I can’t remember if I’ve mentioned it here before, but I am learning Japanese! I’ve studied both French and Spanish in the past, and Japanese is definitely the hardest.
So far, I have learnt hiragana, some of the katakana and some basic kanji and phrases. (Although this sounds like a fair bit, it’s really not.) Why does this concern you? Well, I was thinking of some ways I could listen to more Japanese, and I thought ‘duh, anime!’ Since I’ve got this random obsession with ice skating at the moment, I thought Yuri on Ice would be perfect.
LO AND BEHOLD! Five episodes in and a.) I am obsessed with this show, and b.) I am even more obsessed with ice-skating than I was before.
*drumroll* Onto the photostory! Oh -the reason everyone’s hair is messed up is because it was really windy and cold, yuck.
“Hi, Barbie! Thanks for speaking to us today! How do you think today’s competition will go?”
“Oh, I’m feeling very positive about it! I’ve been practising really hard, and my coach has been fantastic. This is my favourite piece of choreography so far.”
Neko appears seemingly out of nowhere. She is competing today, too. She was a big star back in Tokyo.
“Barbie, I’m sorry to interrupt, but Lucas told me to say that you need to go warm-up now. We’re starting in fifteen minutes.”
The reporter turns to Neko. “Neko! We haven’t seen you competing since the 2015 Ice Star competitions. How does it feel to be back?”
Neko smiles weakly. “Well, to be perfectly honest, I’m so nervous I haven’t been able to eat all day!” She pretends to laugh, and suddenly regrets saying that on camera. “Just kidding. I’m feeling really good about it. I think it’ll be fine.” She hurries off.
Barbie is the first to enter the rink. With a background as a professional ballerina, gymnast and ice skater, she is confident she will take home the prize.
The crowd cheers as she performs her first stunt. It’s incredible!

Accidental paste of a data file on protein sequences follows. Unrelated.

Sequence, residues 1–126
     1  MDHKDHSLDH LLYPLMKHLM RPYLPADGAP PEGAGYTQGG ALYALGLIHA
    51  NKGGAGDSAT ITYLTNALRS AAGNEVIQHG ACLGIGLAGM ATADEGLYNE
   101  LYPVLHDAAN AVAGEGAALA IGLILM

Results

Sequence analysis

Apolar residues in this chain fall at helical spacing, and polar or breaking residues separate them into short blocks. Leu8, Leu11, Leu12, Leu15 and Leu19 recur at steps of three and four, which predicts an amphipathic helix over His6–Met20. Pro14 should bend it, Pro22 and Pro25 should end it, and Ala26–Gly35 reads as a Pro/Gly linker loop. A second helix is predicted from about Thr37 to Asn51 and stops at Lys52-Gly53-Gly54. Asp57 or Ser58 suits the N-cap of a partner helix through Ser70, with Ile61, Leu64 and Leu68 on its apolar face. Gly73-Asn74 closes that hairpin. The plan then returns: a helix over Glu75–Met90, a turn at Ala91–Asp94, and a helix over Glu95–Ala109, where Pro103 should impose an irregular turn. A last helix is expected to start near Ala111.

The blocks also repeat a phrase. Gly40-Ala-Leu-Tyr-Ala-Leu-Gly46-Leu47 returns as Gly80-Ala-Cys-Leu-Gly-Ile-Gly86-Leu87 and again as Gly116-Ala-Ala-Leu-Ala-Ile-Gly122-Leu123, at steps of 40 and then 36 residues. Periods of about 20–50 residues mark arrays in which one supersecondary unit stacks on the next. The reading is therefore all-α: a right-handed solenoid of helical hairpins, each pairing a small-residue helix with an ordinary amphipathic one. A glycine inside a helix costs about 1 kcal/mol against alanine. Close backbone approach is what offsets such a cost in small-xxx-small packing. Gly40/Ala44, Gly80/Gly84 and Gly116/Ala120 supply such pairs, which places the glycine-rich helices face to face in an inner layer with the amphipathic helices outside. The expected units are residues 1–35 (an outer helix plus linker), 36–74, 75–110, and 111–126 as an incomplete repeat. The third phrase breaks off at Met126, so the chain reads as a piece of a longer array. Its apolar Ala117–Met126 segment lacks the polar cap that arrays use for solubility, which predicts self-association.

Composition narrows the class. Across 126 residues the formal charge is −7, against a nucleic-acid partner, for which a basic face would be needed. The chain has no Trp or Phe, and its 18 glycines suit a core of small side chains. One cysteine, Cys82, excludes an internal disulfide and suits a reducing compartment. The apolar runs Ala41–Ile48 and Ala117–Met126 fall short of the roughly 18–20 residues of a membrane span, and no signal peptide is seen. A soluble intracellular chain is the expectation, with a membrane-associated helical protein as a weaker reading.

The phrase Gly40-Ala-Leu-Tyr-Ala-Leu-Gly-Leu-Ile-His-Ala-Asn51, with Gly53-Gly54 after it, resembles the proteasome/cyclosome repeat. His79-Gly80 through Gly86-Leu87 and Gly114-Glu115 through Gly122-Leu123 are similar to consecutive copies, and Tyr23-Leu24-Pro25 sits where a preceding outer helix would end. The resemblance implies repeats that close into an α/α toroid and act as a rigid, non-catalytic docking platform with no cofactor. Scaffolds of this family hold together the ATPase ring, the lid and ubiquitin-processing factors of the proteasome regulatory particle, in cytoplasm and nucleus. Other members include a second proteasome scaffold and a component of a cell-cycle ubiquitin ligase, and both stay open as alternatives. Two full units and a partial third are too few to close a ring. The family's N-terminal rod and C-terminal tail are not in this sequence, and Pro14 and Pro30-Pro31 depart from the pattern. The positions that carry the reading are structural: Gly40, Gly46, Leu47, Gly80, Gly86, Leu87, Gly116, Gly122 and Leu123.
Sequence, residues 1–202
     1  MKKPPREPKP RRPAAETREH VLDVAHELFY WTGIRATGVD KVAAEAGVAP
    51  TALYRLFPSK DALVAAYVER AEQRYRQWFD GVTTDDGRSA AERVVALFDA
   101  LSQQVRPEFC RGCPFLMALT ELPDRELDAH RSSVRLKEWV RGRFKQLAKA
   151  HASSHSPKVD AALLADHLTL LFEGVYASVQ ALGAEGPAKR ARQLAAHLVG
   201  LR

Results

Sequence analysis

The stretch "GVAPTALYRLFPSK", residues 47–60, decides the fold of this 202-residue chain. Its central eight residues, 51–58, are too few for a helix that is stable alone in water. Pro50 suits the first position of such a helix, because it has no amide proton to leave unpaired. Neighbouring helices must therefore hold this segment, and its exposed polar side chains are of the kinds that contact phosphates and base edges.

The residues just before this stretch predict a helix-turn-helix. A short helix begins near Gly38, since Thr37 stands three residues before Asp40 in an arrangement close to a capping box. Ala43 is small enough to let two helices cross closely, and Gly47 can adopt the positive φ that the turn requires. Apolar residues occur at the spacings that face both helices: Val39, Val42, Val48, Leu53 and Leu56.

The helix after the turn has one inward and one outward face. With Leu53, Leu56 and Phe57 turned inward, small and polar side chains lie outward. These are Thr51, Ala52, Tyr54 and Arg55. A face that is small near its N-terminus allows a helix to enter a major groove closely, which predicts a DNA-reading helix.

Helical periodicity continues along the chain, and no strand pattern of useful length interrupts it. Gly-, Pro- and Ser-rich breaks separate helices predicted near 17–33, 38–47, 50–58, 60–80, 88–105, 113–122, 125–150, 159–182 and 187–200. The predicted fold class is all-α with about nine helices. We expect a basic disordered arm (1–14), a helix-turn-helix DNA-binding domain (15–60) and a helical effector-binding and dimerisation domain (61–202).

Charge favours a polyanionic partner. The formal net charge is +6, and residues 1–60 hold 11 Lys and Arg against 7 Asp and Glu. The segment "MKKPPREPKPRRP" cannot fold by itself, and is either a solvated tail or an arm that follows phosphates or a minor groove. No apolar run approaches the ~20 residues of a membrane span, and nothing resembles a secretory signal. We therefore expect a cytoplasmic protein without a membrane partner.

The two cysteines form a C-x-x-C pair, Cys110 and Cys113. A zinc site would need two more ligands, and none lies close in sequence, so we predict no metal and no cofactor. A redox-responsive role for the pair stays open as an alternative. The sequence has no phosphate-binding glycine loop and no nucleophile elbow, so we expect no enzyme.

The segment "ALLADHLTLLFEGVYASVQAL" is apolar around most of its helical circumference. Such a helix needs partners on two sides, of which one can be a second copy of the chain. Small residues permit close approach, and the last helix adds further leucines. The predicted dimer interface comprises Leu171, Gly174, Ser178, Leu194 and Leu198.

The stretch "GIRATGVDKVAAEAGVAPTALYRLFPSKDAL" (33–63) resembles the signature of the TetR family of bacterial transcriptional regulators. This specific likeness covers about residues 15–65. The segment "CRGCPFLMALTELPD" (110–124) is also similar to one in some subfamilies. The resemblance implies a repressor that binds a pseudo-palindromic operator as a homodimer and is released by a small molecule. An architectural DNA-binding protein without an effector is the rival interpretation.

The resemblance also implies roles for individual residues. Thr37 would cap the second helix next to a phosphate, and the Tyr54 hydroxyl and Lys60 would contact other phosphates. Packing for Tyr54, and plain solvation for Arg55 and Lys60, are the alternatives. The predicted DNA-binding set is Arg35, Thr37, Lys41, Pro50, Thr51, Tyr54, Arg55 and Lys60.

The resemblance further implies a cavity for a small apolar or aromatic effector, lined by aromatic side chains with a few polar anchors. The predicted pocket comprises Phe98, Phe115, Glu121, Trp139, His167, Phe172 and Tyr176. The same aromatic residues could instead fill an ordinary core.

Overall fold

Neko is next. Although she has done a bit of practise, she isn’t used to the stresses of a real competition.
And she hits the ground! Neko feels as though she is about to burst with shame -she hasn’t fallen in a competition since she was ten years old!
The crowd gasps.
Neko recovers and shakily finishes her routine.
Neko leaves the rink and heads home. She doesn’t want to look at the scoreboard and see her name at the bottom. “Neko, wait!” Barbie shouts, running up behind her. “You can’t leave! You’ll miss the awards ceremony!”
“Please,” Neko scoffs. “As if I’ll win anything. Not after that fall! I just want to go home.”
“But, Neko -you’ve made it to the finals!”
“What?” Neko is bewildered. “Really?”
“Yes! Come on -everyone’s waiting for you!”
Neko can’t believe she made it into the finals.
Barbie is happy, too.
The crowd dwindles away, but the contestants and their families are still milling about. “Thanks, Tori.” Neko says to her older sister. Tori was the one that encouraged her to start skating again.
“So, Neko, who is your coach here in Aquifolia?”
“Coach?” Neko is confused. “I don’t have a coach yet. I didn’t think I’d win!” Back in Japan, her coach had been Akihito Yume, a former Olympic medallist. He’d helped Neko to become the star she once was.
“You don’t have a coach?” The reporter is surprised. “Well, you’ll need one, if you want to win the finals! Give me a call and I can hook you up.”
“Oh.” Neko says, staring at the business card. She couldn’t believe the reporter’s name was Mary-Anne. Did she just hop out of The Babysitter’s Club or something? “Thanks.”
Neko explains the situation to Aimee. “So, do you think I should get a coach for the finals?”
“I don’t see why not,” Aimee replies. “You do want to win, right?”
“Yeah, I guess.” Neko says. She isn’t sure if she wants to go back to competitive figure skating. This time was supposed to be a one-off thing!